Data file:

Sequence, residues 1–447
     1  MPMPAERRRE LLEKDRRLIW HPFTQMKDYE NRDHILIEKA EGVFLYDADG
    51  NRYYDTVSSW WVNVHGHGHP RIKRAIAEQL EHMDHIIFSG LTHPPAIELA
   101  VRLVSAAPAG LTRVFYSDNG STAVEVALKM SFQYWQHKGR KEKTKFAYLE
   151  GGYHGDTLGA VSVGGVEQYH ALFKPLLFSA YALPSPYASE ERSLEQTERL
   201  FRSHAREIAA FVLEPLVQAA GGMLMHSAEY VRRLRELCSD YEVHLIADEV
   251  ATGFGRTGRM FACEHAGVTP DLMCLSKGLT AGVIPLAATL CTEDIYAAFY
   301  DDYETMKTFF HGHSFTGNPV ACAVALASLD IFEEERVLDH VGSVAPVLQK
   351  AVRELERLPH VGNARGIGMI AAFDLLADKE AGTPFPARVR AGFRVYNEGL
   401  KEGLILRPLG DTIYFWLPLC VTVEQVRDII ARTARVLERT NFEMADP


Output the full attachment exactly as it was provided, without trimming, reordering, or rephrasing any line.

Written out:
Sequence, residues 1–447
     1  MPMPAERRRE LLEKDRRLIW HPFTQMKDYE NRDHILIEKA EGVFLYDADG
    51  NRYYDTVSSW WVNVHGHGHP RIKRAIAEQL EHMDHIIFSG LTHPPAIELA
   101  VRLVSAAPAG LTRVFYSDNG STAVEVALKM SFQYWQHKGR KEKTKFAYLE
   151  GGYHGDTLGA VSVGGVEQYH ALFKPLLFSA YALPSPYASE ERSLEQTERL
   201  FRSHAREIAA FVLEPLVQAA GGMLMHSAEY VRRLRELCSD YEVHLIADEV
   251  ATGFGRTGRM FACEHAGVTP DLMCLSKGLT AGVIPLAATL CTEDIYAAFY
   301  DDYETMKTFF HGHSFTGNPV ACAVALASLD IFEEERVLDH VGSVAPVLQK
   351  AVRELERLPH VGNARGIGMI AAFDLLADKE AGTPFPARVR AGFRVYNEGL
   401  KEGLILRPLG DTIYFWLPLC VTVEQVRDII ARTARVLERT NFEMADP